So are these live bootleg CDs bad? The answer is yes and no. Some of them were rather useful to get hold of back in the day before the internet allowed us to download anything we want, as they featured live versions of your favourite songs which functioned as a decent substitute if you couldn't afford to go to a show. However, as I mentioned before, the original artist gets no money from the sales of these CDs and some of the recordings can be pretty bad quality audio.
Teenage Rampage is one of those bad quality audio ones. Well, most of it anyway. Tracks 2 up to 19, and track 23 are all recordings from shows that were not featured on the TV or Radio and sound a lot like someone simply recording the band perform live while standing in the middle of a mosh pit or something. These ones have sucky quality and sound way too tinny to be enjoyed properly, have a listen to the video below to hear what I'm on about. However the 'legit' recordings are fine, as these were official recordings featured on live TV broadcasts of the David Letterman Show, the 1994 Woodstock Festival and the MTV Music Video Awards, so they have high quality by default.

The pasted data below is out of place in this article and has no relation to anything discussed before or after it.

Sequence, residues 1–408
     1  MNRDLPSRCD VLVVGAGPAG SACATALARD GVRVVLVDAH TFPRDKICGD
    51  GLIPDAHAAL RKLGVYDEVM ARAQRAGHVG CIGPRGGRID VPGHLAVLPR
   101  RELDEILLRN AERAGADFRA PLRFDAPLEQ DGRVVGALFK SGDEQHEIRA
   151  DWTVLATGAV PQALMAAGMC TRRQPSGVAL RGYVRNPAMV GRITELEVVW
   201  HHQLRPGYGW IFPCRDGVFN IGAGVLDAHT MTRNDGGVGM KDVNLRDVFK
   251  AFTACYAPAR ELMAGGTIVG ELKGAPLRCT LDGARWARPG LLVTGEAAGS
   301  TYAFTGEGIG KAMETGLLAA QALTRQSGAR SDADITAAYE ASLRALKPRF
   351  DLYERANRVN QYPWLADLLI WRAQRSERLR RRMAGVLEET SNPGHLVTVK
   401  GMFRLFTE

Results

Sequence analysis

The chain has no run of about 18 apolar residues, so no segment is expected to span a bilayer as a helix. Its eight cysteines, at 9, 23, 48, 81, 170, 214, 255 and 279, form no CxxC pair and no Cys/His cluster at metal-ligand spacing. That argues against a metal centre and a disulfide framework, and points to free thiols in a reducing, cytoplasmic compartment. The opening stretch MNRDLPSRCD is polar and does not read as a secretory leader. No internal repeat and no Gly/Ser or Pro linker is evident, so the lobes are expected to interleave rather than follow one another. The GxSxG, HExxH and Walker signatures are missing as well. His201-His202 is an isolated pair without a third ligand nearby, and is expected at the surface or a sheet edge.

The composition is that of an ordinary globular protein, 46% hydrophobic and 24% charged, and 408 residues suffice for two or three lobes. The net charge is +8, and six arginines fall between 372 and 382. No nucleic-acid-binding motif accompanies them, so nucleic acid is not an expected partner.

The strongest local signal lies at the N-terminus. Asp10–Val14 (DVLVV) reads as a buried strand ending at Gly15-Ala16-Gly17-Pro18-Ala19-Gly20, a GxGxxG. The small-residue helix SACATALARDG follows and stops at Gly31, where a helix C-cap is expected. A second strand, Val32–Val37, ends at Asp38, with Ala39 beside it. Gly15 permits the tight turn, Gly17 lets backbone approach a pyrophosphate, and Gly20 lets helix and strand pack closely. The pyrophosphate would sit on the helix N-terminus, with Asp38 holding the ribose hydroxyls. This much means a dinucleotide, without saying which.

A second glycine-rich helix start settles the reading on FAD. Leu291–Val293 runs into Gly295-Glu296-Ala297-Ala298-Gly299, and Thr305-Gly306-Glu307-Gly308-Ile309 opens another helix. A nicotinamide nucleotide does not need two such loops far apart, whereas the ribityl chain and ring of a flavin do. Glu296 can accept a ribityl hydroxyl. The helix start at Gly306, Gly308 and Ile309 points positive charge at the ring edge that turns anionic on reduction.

The tracks featured on the album are just a handful of songs (some of them are doubles of the same song, just recorded from a different show) from the first three albums, 39/Smooth, Kerplunk and Dookie, as well as a cover (Operation Ivy's song Knowledge). The most interesting recording on the album is a song titled Locked Inside Myself, recorded in 1994 which is actually the song Armatage Shanks (one of my all-time favourites by Green Day), which was featured on the album Insomniac, released a year later. The bootleggers probably had no idea what the fuck the song was called as it technically hadn't been released when this bootleg was released, so they just called it whatever they could think of at the time. They were probably watching that movie about The Doors and liked that quote that Ray Manzarek said.